The other day as I was walking to work from the subway station, a man ahead of me slipped on the ice and went down. I knew from the piercing cries that he'd hurt himself, and as soon as I reached him, I could see right away that he'd broken his ankle (possibly his shin bone). It was at an entirely wrong angle, and when he moved, only his upper leg moved and his foot remained limp on the sidewalk. Gack! Another fellow came along with a cell phone and called an ambulance. I didn't know what else to do, but the poor guy was sprawled on the ice and I knew it was cold and wet, so I sat down and rested his head in my lap and tried to cushion and comfort him while we waited for help to arrive. He was in a lot of pain, so I just held his hands and talked to him and took him through some deep breathing to try to distract him from it.
A few other people stopped, including a physician, who took the man's pulse and laid his coat over him. After 10-15 minutes the ambulance arrived and they whisked him away, and I discovered my pants were frozen to the ice. Got up and hobbled into my office, and found I was soaked through pretty thoroughly. A little "freezer burn" on the backside, and I spent some of the morning standing at my desk and flapping around trying to dry off. (Note to self: keep an extra pair of sweat pants in the cubicle!)
As it turns out, one of my colleagues saw it all, and she told me later that I looked like I knew just what to do re: first aid. I was surprised at her perception, because it's been a year since I took First Aid, and I didn't feel I knew anything and was woefully unprepared. I just kicked into "Mom" mode and offered comfort where I could. Holding his head between my gloves, I felt a sincere sympathy and love for this fellow, a feeling of "we're both in the same boat of mortality and thus we see how dependent we all are on each other." When I told my husband about it, he said the man had had a wonderful morning, because he had experienced the goodness and kindness of other people. Well, I dunno. The man may not have felt it was such a wonderful experience. But yeah, I see what my husband was saying.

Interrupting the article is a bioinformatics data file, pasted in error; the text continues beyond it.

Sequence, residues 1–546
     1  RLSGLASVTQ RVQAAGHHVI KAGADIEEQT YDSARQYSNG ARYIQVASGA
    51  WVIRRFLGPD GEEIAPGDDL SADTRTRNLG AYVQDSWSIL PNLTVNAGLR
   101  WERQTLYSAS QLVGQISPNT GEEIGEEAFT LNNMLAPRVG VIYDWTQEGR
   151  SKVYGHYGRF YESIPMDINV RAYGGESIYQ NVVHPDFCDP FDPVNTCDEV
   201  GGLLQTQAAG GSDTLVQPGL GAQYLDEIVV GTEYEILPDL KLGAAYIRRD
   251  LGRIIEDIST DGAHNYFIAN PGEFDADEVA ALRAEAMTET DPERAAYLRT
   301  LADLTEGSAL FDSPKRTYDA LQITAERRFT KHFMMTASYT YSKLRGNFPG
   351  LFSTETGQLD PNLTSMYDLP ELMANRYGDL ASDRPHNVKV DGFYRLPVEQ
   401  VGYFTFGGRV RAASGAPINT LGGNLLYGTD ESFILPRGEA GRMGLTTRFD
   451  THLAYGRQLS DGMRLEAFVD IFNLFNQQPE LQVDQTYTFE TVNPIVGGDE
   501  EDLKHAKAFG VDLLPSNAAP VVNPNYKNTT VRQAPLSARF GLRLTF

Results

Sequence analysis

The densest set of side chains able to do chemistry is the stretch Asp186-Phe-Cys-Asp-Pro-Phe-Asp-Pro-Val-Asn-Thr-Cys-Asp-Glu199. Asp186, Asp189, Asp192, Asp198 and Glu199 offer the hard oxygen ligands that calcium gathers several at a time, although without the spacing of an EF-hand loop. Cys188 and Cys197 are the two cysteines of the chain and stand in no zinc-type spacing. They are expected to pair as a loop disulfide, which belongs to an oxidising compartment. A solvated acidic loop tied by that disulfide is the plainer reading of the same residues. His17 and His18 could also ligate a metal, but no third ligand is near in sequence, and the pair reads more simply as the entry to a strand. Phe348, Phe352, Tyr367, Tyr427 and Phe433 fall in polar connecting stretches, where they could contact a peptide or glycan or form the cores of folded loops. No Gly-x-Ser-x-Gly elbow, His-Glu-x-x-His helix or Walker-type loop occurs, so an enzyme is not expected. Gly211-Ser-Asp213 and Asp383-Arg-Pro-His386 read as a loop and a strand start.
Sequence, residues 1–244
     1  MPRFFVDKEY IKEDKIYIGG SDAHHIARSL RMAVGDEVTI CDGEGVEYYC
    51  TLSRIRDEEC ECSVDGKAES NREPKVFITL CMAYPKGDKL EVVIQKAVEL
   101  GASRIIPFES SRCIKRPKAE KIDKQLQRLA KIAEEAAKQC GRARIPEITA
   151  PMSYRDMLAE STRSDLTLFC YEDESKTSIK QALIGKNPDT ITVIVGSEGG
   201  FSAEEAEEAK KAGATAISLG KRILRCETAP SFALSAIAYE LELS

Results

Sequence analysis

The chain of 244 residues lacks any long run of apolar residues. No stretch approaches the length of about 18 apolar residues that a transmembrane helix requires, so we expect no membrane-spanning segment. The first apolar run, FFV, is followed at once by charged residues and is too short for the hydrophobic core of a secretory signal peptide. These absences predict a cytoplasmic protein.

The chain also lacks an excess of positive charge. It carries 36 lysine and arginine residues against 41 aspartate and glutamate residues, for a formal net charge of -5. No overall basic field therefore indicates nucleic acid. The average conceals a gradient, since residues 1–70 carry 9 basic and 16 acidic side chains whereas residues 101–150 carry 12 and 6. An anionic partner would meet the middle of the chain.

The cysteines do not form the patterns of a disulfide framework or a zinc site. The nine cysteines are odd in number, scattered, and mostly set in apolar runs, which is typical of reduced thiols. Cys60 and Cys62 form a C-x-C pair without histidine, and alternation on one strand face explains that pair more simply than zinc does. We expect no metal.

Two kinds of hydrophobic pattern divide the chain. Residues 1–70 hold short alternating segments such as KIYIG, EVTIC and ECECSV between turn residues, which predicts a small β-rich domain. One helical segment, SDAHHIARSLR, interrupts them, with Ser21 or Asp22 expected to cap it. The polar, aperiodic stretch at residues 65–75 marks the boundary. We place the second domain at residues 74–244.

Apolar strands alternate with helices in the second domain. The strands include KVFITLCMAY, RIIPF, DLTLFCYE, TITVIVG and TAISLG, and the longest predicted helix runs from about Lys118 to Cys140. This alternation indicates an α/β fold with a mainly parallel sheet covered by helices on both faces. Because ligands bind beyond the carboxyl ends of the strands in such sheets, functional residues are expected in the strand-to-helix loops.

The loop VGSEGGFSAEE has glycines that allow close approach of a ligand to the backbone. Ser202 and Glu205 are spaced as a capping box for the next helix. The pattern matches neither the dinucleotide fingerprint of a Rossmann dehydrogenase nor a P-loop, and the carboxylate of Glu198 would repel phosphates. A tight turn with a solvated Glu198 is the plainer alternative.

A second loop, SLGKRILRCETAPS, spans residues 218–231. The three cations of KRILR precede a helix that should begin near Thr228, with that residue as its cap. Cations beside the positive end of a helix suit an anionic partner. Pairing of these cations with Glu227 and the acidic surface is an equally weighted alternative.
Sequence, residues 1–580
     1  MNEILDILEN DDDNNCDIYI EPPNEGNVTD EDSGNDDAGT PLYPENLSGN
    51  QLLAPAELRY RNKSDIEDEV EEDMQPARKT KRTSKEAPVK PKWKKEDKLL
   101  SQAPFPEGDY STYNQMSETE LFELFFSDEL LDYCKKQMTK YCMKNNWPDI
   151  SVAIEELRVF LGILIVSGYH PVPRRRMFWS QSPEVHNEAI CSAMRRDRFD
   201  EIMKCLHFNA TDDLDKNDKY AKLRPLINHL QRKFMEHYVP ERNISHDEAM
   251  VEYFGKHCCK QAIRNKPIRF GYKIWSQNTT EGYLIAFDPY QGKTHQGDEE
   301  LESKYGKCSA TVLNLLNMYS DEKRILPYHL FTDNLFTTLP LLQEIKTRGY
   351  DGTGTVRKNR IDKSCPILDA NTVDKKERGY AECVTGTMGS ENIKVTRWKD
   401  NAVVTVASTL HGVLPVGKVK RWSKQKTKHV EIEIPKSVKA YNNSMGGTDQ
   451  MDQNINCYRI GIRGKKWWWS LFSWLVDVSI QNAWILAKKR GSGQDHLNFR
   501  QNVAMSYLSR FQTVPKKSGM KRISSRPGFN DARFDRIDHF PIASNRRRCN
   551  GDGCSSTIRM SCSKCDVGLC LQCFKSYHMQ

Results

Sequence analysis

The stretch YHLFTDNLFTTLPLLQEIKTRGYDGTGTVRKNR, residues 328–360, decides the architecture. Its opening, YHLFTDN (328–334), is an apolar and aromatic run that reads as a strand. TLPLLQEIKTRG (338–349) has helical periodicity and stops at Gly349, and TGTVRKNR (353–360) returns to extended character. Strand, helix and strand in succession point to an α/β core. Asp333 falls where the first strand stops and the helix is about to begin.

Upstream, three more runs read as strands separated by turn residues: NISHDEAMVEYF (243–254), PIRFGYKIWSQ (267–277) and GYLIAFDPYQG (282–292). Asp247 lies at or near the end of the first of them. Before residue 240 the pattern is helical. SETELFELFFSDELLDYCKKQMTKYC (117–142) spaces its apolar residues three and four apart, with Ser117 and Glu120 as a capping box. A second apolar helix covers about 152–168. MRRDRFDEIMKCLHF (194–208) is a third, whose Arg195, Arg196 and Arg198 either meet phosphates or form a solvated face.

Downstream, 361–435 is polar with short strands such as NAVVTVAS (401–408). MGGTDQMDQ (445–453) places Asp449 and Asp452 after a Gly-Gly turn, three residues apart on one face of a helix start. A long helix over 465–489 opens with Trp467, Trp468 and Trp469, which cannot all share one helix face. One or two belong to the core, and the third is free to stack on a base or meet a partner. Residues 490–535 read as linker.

Since this incident, I've kept hearing that man's cries in my head, arising at odd times but especially at night, and I find I am walking very carefully with an eye open for black ice. I have a sudden sense of how delicate and vulnerable the human body is, so easily snapped. We're just gooey bits held together by a bag of skin, really, and our careful balance is so easily disrupted. I can't help but think of how easily small children fall and get up and fall and get up, seemingly without noticing. When I was younger I could slip on my skates or fall off a bike and not think too much of it other than the sting of the Bactine on my abrasions. I'd throw myself into all kinds of things, climb trees, go sledding, jump a horse over a fence while riding double... When did I become this cautious, elderly-gaited woman?
I think, though, that being aware of our mortality and vulnerability does have its plus side. As my husband pointed out, it makes us aware of how connected we are with each other and how completely we rely on others. Logically, I've always known I can't eat a sandwich or take a hot shower without the contribution of a lot of other people in my community doing their jobs. But I think this experience has also reminded me how we depend on each other emotionally. I'll pick you up when you fall, and you pick me up when I fall, and together we'll somehow get through life. My husband has told me before that the definition of love is to be there to cheer each other on when things go well and to pick up the pieces for each other when things go wrong. Really, it boils down to that.